Local State Reps Against Legalizing Recreational Marijuana
Both local state representatives in the senate and assembly are against the legalization of recreational marijuana.
Earlier this month. Gov. Andrew Cuomo appointed a workgroup to draft legislation for the regulated adult-use of marijuana. State Sen. Cathy Young, R-Olean, said the dangers of recreational marijuana to the public health far outweigh any benefits.
“I am opposed to legalizing recreational marijuana,” Young said. “I think it sends a mixed message when the (state) Department of Health comes out in favor of adult recreational use of marijuana, while at the same time, the state spends $30 million a year highlighting the dangers of smoking and on anti-smoking campaigns. Marijuana smoke has the same carcinogens as tobacco smoke. It is just as dangerous.”
Last month, the state Department of Health officials issued a report concluding that the benefits of legalization outweigh the risks. The 74-page analysis estimates the state could raise nearly $700 million in tax revenue off the drug. The researchers predict that allowing those age 21 and older to use marijuana recreationally would not significantly raise rates of marijuana use by adults or teens.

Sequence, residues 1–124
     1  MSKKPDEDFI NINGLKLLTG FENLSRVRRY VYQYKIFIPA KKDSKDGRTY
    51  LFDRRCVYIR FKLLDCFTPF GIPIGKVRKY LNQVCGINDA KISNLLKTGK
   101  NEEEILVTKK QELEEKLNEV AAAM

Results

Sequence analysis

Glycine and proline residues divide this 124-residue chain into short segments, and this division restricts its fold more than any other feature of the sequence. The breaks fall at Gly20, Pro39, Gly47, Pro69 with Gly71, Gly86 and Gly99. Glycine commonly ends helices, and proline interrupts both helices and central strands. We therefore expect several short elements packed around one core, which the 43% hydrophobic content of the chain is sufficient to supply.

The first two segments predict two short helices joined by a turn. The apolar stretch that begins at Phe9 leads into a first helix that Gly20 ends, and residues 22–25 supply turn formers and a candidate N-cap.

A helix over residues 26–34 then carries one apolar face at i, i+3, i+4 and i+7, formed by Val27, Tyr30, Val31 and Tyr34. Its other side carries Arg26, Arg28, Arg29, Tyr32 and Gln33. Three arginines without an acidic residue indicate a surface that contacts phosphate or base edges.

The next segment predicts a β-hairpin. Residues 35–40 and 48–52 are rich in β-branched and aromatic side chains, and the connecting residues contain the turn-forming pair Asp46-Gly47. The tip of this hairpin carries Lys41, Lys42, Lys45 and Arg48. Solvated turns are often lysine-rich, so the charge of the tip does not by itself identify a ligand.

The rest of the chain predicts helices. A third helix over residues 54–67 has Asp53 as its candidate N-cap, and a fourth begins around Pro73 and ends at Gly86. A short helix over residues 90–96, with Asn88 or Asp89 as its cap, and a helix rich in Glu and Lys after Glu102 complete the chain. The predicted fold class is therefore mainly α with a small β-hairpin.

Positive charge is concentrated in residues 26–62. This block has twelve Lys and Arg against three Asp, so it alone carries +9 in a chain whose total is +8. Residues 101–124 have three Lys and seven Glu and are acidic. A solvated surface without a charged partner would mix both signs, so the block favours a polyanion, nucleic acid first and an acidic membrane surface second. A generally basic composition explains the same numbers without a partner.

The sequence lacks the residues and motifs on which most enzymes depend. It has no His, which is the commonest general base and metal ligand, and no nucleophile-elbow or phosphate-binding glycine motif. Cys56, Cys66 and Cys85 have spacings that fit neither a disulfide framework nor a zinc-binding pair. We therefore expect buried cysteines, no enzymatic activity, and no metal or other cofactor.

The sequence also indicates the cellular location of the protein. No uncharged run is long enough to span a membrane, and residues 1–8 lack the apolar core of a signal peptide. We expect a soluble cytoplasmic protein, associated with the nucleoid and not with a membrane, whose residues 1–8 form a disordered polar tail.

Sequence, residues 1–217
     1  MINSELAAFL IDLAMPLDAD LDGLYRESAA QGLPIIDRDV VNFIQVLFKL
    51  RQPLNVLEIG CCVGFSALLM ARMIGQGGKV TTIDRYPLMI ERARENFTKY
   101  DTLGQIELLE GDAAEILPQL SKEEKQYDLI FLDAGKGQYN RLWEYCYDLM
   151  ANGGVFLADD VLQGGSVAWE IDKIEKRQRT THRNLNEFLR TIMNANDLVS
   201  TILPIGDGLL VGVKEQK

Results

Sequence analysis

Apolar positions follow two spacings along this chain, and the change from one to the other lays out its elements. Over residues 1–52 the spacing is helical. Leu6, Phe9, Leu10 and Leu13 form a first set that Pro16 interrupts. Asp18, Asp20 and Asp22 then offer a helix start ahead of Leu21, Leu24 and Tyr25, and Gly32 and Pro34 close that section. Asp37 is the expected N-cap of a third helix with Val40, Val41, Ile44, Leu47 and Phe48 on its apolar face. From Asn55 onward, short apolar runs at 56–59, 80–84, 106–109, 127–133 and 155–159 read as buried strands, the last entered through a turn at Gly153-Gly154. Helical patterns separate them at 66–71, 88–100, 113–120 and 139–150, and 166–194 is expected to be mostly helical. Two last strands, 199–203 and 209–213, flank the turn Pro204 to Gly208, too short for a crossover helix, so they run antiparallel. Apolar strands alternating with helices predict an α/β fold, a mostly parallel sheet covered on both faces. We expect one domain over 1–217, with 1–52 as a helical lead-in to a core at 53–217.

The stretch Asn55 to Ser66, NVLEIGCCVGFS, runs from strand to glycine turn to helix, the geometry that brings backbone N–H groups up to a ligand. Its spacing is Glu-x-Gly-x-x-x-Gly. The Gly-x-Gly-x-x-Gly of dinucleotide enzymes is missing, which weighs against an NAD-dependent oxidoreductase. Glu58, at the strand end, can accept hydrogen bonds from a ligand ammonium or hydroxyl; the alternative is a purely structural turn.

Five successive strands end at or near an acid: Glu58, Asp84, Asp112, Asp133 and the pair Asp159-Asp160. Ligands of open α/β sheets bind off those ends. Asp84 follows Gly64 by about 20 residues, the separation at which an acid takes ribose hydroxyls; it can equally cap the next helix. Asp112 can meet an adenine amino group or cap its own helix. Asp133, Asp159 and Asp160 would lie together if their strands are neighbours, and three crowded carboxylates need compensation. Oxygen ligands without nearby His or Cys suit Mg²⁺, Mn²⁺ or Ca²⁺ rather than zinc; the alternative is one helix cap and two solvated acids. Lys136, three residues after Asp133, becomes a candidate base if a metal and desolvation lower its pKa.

Assemblyman Andy Goodell, R-Jamestown, said he believes the legalization of marijuana for adults would adversely impact adolescents. He said there are several documented cases that show the adverse effects of marijuana, especially among younger people. Goodell added that marijuana impacts an adolescent’s education by lowering school performance and increasing dropout rates in high school.
“Even though no one is proposing the legalization for younger people, but if made available to adults, access to it will increase for adolescents,” Goodell said. “Daily adolescent users are 18 times more dependent, seven more times likely to commit suicide and eight times more likely to use other illegal drugs.”
Goodell said if marijuana is legalized, the number of serious and fatal car accidents because of the use of drugs will increase.
“When looking at other states that have legalized the recreational use of marijuana, the number of fatal accidents increased,” he said. “Drug driving was the cause of 28 percent of fatal deaths in 2010, up from 16 percent in 1999.”
Also last month, there was a proposal by state Sen. George Amedore, R-Rotterdam, to allow the use of medical marijuana for the treatment of substance use disorder or as an alternative to opioids for the treatment of pain. Young said the state already has a huge problem with addiction, illegal drug use and drug overdose deaths.
“Legalizing recreational marijuana will only add to those problems, resulting in more broken lives and devastated families,” Young said. “I believe a lot of the discussion regarding legalizing recreational marijuana is being driven by politics and Governor Cuomo’s upcoming primary.”
Goodell said he also is against the legalization of marijuana because the tax revenue would be regressive, impacting lower income residents more; because small quantities of marijuana has been decriminalize so it is no longer a misdemeanor to have a low amount; and because marijuana is illegal on the federal level, no large scale study on the long-term effects of marijuana has been done by the FDA.